In my more cynical moments, I'd say avoid collaborations - especially those with high profile scholars - like the plague. The moment anything goes wrong, expect to be thrown under the bus.
In my less cynical moments, I'd say make sure that there is an explicit understanding of what each of you expects to contribute to a project and also an explicit understanding of the differences in organizational culture that may well lead to differences in time constraints, resources, and so on. Do what you can in good faith to avoid misunderstandings. If misunderstandings occur later on, don't be surprised. Oftentimes, if those with privilege are to err at all, it is to err on the side of protecting their status. Always know that they are the ones with status, and you have very little status. If you have been to major conferences and seen the light go out of some scholar's eyes the moment they realize where you work, you know exactly what I am talking about.
Many of us who work at primarily instructional institutions (regional 4-year colleges/universities and community colleges for example) are going to spend the vast majority of our working hours teaching, preparing and updating teaching materials, administering exams, grading, meeting with students, and usually advising students as they get ready for the next semester's classes. In addition, we're likely to have some expectation of service involvement - so think of committee meetings. We tend to take those service commitments quite seriously, by the way. There may be research and professional development expectations, but those will often be put on even keel with service, and will definitely take a back seat to teaching. It is worthwhile to assume that our library resources will likely pale in comparison to what is available at the R-1 and R-2 universities in the US, that we will often times have very makeshift lab spaces (if we're lucky) and minimal access to statistical software. One should also assume that any time the institution's budget goes Charlie Foxtrot, professional travel and any other professional expense reimbursements are the first to be cut. The bulk of us have families, and we like to see them every once in a while (we tend to assume the same for our more famous and privileged R-1 colleagues as well, just so we're clear that work-life balance is important no matter where one works).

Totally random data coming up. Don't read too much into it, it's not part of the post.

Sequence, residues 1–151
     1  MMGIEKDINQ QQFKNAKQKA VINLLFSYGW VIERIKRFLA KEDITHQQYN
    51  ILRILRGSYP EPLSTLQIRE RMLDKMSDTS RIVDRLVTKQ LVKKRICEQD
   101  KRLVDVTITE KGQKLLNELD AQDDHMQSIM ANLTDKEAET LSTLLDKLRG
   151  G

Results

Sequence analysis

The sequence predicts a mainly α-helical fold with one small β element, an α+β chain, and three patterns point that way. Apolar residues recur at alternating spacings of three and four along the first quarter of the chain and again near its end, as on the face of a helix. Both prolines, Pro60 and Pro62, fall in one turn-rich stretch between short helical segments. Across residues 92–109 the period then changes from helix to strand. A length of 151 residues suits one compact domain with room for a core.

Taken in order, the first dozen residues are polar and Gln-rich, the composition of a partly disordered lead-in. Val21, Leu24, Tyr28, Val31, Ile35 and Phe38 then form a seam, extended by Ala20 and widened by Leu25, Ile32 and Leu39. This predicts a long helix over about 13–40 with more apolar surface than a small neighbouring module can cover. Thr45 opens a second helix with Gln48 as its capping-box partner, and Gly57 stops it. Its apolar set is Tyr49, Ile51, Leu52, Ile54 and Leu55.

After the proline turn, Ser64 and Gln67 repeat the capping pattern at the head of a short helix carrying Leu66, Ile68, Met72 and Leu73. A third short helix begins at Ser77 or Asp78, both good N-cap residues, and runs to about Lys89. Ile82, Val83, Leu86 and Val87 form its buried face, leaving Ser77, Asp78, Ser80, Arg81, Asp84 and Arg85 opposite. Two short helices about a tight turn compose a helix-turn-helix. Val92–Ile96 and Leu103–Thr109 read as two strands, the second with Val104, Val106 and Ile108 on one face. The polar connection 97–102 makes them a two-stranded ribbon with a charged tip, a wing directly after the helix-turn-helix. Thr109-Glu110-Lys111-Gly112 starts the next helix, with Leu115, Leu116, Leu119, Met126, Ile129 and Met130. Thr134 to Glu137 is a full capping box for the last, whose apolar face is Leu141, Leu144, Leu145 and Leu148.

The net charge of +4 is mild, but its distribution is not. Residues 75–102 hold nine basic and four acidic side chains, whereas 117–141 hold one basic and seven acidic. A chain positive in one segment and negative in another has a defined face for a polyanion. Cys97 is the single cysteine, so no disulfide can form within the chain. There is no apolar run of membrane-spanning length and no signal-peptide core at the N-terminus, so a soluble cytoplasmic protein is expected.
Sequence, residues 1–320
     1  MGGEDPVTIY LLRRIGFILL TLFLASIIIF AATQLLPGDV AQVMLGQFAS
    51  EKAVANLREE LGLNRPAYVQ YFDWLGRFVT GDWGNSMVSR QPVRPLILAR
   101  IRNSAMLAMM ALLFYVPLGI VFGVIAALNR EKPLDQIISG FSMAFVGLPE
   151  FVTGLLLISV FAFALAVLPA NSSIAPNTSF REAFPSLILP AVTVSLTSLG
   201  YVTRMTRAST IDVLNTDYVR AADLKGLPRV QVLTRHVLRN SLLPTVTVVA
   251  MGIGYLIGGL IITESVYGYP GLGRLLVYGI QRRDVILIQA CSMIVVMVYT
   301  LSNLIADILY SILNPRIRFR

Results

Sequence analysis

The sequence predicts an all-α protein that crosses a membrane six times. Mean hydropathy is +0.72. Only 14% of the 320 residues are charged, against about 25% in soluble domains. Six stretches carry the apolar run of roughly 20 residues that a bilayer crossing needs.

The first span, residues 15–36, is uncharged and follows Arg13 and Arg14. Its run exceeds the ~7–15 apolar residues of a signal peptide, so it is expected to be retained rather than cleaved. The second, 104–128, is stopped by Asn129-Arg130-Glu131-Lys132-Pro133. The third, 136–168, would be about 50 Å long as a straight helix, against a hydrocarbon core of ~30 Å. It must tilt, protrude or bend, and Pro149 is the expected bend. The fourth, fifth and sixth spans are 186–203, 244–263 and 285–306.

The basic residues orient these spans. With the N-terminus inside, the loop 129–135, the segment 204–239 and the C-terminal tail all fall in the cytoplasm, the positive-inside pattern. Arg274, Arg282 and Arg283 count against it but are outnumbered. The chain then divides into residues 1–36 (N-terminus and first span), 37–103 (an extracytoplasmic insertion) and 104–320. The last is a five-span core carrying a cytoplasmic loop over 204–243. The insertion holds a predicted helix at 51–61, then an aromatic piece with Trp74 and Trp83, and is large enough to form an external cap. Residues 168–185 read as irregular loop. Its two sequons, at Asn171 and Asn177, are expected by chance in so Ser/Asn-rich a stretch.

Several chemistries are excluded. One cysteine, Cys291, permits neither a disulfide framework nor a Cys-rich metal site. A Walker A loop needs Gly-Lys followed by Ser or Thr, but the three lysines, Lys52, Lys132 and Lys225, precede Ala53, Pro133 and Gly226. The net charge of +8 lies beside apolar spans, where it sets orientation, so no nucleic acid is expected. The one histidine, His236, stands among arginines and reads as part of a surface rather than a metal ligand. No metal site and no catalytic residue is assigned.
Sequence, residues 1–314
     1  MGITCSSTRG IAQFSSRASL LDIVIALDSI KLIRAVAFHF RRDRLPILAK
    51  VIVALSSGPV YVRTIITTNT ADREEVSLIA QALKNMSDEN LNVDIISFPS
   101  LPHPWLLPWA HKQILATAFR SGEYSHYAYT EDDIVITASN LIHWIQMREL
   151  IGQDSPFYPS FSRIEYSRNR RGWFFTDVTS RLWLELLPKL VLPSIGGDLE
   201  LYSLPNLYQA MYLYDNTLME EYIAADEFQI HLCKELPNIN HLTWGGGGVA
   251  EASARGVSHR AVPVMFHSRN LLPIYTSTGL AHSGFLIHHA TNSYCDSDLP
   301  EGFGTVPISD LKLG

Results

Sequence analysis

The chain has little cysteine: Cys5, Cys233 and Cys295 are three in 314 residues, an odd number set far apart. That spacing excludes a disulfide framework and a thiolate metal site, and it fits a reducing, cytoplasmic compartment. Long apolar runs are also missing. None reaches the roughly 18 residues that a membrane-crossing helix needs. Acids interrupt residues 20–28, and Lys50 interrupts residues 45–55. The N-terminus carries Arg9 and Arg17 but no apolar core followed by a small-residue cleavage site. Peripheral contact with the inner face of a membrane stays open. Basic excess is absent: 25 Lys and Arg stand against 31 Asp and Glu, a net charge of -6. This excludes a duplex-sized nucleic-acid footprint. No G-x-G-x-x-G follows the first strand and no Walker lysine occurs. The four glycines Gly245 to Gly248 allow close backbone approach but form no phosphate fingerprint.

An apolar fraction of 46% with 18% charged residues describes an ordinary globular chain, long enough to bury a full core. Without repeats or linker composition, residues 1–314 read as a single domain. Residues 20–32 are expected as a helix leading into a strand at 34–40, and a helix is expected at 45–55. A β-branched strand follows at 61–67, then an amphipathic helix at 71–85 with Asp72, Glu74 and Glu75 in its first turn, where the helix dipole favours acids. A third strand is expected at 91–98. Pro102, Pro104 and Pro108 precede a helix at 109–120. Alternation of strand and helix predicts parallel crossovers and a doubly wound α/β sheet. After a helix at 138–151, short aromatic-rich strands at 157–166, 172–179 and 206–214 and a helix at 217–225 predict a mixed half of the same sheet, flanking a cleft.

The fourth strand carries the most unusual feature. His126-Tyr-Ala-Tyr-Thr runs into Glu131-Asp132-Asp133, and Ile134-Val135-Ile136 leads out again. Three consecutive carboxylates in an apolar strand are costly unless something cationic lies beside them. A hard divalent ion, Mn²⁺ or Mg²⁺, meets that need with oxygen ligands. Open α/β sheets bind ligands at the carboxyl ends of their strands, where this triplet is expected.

It has been a good while since I last was seriously involved in an R-1 environment, and that was in grad school. I think the phrase "publish or perish" is still definitely apt in that environment, as is the pressure to publish exclusively in premier journals (folks like me don't deal with those pressures). An R-1 scholar, especially one who is adept at landing grant funding, is pumping out manuscripts at a rate that I almost find unimaginable. Faculty at R-1 institutes do not spend much time in the classroom, and still can count on teaching assistants to do the heavy lifting in terms of grading and office hours. I certainly don't begrudge such scholars their privileged positions. Presumably they've done something to earn that. However, I do get the impression that their relative privilege makes them a bit blind to the lived reality of the rest of their peers. These folks need to get out a bit more. If they actually lived how we did for even a semester, they'd hopefully wake up just a bit. I think what I am driving at is that if you want to work with someone who really is famous, make sure that they are sufficiently woke when it comes to your particular set of circumstances. If you get the impression that they are not, just remember an old Bokononist expression: "It is never a mistake to say goodbye."
At some point I wish to spend some time discussing collaborations with undergraduate students on your own home campus. I think there is some value to such relationships, and they are often part of the life blood of your own campus culture (that is how I would characterize my own situation). I do see a great deal of value in doing such work, as it can sometimes enable undergrads to net an initial publication, but more importantly gain an insight into what grad school life will be like.